John E. Winters, 76, who retired in 1966 as a deputy chief of the Metropolitan Police Department after more than 35 years on the force, died Jan. 30 of congestive heart failure at his home in Beltsville.

Chief Winters headed the department's Youth Aid Division from the time it was established in 1954 until his retirement, and in that capacity he directed the police handling of all juvenile crime in Washington. Before that he was a captain in command of the old second precinct, which encompassed the inner-city area of Northwest Washington and had one of the heaviest crime rates in the city at that time.

Upon his retirement, Chief Winters became a full-time community relations consultant to the Prince George's County police department, and he served there for five years before retiring a second time.

Chief Winters was born and reared in Washington and attended McKinley Technical High School. Before joining the police department in 1931 he worked at a service station and played saxophone with several small bands. As a member of the department he continued to play saxophone in the police band.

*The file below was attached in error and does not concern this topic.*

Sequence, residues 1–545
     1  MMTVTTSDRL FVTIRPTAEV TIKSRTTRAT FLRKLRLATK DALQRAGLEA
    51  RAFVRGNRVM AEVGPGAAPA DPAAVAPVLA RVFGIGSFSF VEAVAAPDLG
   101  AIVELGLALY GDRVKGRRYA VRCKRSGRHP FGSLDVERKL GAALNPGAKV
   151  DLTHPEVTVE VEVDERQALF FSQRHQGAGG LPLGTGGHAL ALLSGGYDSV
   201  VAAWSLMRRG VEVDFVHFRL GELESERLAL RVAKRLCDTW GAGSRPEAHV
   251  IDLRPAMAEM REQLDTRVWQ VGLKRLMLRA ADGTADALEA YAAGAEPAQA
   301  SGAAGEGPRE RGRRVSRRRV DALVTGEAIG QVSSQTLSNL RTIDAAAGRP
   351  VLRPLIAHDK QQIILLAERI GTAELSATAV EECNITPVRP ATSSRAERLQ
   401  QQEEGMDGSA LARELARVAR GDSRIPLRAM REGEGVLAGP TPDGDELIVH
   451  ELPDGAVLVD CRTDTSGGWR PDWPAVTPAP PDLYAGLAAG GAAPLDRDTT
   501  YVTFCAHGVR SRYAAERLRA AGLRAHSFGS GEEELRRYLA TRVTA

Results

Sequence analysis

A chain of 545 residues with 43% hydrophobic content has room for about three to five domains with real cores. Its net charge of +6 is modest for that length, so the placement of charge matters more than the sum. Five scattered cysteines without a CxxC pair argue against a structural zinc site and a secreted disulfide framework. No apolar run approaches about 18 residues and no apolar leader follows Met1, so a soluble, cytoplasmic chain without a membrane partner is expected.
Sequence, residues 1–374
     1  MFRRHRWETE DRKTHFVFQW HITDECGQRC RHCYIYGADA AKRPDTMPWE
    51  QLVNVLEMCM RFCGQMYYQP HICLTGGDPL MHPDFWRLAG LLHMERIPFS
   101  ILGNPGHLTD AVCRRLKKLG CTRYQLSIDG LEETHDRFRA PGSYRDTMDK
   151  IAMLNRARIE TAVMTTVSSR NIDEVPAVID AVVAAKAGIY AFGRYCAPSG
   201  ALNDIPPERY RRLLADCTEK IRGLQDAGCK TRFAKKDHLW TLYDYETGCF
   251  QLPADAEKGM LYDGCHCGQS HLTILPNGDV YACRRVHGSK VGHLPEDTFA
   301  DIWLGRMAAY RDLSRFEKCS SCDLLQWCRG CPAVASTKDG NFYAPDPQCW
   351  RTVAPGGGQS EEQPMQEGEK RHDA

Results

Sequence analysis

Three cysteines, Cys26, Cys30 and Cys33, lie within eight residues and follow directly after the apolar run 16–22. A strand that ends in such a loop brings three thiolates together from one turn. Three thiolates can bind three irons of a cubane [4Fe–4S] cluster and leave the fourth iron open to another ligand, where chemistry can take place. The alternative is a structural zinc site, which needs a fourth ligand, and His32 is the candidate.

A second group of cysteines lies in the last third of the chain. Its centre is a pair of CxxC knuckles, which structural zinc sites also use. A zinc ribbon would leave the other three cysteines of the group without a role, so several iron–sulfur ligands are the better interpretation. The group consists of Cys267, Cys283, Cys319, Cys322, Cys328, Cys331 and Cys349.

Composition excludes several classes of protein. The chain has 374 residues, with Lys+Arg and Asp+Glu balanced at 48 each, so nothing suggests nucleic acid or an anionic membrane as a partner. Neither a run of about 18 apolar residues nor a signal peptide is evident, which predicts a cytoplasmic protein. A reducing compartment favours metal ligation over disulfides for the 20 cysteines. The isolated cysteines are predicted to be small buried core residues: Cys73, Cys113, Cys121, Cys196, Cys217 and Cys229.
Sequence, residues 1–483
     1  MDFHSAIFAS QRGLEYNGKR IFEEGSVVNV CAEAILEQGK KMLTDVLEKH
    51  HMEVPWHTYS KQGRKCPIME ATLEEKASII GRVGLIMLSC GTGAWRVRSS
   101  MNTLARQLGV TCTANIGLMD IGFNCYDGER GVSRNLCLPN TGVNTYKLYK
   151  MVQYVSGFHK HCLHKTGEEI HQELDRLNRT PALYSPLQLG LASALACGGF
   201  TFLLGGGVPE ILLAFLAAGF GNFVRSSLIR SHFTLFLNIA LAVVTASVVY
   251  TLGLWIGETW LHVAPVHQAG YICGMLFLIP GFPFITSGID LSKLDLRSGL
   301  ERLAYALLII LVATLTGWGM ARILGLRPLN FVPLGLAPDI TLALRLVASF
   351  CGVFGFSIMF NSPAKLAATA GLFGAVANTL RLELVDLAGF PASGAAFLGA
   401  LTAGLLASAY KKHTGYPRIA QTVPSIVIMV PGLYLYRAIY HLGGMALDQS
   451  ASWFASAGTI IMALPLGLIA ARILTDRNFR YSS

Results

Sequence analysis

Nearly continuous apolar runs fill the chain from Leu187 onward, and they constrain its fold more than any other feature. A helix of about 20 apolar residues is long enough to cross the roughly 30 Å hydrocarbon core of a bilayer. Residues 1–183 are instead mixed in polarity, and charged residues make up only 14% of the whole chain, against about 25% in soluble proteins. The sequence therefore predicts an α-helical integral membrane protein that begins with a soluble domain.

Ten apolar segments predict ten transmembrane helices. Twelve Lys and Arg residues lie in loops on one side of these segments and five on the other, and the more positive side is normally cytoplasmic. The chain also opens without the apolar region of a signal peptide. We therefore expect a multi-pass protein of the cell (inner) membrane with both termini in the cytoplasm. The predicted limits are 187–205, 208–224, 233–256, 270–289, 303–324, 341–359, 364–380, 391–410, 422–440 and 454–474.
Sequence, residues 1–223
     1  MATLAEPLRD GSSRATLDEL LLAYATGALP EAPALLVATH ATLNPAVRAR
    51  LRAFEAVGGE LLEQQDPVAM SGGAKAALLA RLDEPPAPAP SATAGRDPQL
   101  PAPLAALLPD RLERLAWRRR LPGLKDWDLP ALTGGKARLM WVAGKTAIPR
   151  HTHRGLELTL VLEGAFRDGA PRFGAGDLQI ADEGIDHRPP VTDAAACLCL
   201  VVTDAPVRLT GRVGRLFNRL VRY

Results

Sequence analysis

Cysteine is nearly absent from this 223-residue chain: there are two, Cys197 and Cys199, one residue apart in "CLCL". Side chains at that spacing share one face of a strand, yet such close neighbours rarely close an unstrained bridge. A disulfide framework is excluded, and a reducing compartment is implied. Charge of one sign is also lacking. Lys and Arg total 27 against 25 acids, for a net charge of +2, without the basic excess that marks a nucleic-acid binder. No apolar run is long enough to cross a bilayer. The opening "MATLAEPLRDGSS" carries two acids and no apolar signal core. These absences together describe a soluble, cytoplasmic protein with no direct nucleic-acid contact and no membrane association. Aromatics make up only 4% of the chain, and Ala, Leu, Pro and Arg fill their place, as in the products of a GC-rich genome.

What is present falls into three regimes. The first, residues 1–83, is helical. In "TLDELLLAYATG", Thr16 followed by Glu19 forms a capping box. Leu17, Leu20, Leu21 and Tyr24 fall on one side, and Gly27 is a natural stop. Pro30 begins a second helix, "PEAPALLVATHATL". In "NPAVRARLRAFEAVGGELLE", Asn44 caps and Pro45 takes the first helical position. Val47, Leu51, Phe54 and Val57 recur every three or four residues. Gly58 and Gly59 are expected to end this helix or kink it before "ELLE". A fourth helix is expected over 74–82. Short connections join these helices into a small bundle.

Survivors include his wife, Virginia, of Beltsville; two daughters, Diane J. Winters of Cedar City, Utah, and Constance McGlynn of Beltsville; a brother, Harry C. Winters of Deerfield Beach, Fla.; 12 grandchildren, and nine great-grandchildren.